David Cameron was trying to pick up the pieces today, after another massive rebellion from his backbenchers revealed how little authority he has over his parliamentary party.
The prime minister was forced into the extraordinary position of ordering his ministers to abstain on an amendment to government legislation during the Commons debate on the immigration bill last night.
The fact Cameron did not feel he had the authority to make his ministers to oppose the Dominic Raab amendment highlighted how volatile and rebellious the Conservative party continues to be, even under the supposedly iron hand of election strategist Lynton Crosby.
Opposition MPs gleefully mocked the prime minister as he failed to oppose an amendment which the government has admitted was illegal.
Raab's amendment demanded that judges be given the final say over whether deportation violates foreign criminal's right to family life.
It was backed by nearly 100 MPs, many of them Tory, but opposed by Labour and the Liberal Democrats, resulting in a government victory of 241 votes to 97 – a majority of 144.
"Why are backbenchers pushing the prime minister? Because we are the ones who are in tune with the wishes of the people who send us to Westminster," Tory MP Julian Lewis said afterwards.
The Commons session came just before YouGov polling for the Sun put Labour ten points ahead of the Tories, with Ed Miliband's party on 42% to the Conservatives' 32%. It comes after a week in which the governing party was within touching of distance of Labour.
Cameron tried to put a brave face on the debate during a joint press conference with the French president this morning.
"What happened yesterday is the immigration bill that people predicted would run into extraordinary trouble in the Commons passed in the state I wanted it to," he said.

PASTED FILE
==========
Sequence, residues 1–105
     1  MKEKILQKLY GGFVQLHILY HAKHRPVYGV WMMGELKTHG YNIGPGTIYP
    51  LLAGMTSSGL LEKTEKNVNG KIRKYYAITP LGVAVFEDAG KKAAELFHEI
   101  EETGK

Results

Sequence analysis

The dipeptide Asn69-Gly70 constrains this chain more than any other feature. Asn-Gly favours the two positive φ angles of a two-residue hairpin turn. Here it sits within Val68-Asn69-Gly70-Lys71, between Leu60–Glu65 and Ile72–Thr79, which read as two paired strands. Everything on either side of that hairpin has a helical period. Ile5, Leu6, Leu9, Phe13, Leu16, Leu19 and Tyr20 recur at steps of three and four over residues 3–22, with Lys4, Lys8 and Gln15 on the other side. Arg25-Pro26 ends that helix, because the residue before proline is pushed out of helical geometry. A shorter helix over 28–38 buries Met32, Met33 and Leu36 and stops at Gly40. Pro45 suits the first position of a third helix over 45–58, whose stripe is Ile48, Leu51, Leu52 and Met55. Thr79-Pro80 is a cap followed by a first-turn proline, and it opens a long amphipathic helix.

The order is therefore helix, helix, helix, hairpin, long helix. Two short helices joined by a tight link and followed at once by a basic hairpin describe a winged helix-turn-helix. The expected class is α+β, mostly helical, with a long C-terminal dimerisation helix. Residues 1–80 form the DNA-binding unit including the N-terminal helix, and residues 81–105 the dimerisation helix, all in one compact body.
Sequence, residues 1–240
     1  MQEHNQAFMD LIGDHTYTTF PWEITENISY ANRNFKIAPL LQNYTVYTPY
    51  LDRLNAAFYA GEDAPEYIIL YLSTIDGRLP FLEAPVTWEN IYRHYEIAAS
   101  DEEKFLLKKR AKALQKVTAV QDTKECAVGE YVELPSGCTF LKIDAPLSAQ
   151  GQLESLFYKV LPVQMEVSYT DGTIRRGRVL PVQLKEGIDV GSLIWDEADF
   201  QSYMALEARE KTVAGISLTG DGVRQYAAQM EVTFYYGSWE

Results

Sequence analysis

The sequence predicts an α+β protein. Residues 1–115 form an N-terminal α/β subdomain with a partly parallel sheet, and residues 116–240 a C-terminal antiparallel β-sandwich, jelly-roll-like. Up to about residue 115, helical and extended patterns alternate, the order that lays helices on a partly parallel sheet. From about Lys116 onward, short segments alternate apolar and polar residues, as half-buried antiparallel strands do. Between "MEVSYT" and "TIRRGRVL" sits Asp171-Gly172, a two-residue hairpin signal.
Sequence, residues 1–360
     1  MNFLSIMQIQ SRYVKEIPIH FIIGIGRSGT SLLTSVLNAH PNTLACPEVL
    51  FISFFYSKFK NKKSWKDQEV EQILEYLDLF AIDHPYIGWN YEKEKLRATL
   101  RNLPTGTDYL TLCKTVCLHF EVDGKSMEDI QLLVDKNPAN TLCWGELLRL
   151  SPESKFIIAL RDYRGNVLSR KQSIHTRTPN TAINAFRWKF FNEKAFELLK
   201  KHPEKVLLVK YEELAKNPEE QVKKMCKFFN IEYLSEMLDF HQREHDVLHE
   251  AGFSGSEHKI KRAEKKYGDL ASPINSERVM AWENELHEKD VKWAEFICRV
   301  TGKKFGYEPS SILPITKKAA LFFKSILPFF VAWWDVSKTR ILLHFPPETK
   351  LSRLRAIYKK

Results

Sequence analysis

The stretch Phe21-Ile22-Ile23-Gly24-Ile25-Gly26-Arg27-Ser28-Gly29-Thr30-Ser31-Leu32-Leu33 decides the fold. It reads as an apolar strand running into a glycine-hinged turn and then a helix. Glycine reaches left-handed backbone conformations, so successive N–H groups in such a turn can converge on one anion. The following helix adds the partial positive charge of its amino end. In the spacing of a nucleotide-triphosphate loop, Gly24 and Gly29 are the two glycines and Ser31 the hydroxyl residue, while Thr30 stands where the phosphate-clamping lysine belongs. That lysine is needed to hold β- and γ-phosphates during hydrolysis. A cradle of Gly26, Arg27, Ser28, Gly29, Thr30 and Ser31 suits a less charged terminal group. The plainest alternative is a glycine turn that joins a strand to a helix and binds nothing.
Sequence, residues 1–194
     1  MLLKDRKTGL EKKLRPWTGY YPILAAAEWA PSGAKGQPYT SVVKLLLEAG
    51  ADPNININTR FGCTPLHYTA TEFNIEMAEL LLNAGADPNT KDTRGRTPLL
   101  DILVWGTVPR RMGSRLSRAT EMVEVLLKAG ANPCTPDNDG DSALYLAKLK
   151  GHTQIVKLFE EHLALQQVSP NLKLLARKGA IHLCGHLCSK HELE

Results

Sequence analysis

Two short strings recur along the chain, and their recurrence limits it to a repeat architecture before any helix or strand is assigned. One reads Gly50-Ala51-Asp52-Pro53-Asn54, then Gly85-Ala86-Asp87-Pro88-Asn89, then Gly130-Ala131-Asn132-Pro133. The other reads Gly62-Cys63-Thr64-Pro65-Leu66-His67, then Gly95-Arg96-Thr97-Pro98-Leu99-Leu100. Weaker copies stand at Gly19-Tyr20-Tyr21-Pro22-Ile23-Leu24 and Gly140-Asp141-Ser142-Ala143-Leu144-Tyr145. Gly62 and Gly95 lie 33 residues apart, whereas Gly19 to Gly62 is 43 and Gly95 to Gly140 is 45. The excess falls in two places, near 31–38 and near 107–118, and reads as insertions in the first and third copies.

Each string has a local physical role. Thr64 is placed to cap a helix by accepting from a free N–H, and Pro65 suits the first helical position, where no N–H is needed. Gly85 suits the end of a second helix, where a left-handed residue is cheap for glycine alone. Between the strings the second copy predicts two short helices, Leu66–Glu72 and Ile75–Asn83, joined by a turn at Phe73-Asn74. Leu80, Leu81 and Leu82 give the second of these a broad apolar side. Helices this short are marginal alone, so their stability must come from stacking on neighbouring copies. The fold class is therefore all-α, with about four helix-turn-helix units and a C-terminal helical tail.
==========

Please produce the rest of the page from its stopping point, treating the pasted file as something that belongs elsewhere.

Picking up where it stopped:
Yesterday's vote will have once again painted a picture of a divided Tory party, a weakened prime minister and more battles over Europe on the horizon.
Downing Street will now be thinking about the EU referendum bill currently being killed off by Labour and Liberal Democrat peers in the Lords. If they succeed, his backbenchers will pile on pressure for a government bill.
The European elections, which take place in early summer, are also likely to trigger another outbreak of disunity on the Tory benches.
Many analysts pin the blame for Cameron's struggles on George Osborne's patronage system, which makes career progression reliant on the goodwill of the chancellor rather than the recognition of the whips office.
Others blame the prime minister's aloof and arrogant treatment of his backbenchers. Many Tory MPs seem to genuinely prefer the company of Ed Miliband, who frequently listens to their concerns in the members' tea room.
But yesterday proved a good day for Rabb most of all. He was widely credited with making an informed and sober argument for his amendment and was listened to in the Commons with respect.
Downing Street will be hoping to get him on side before he can act as the ring-leader for future rebellions.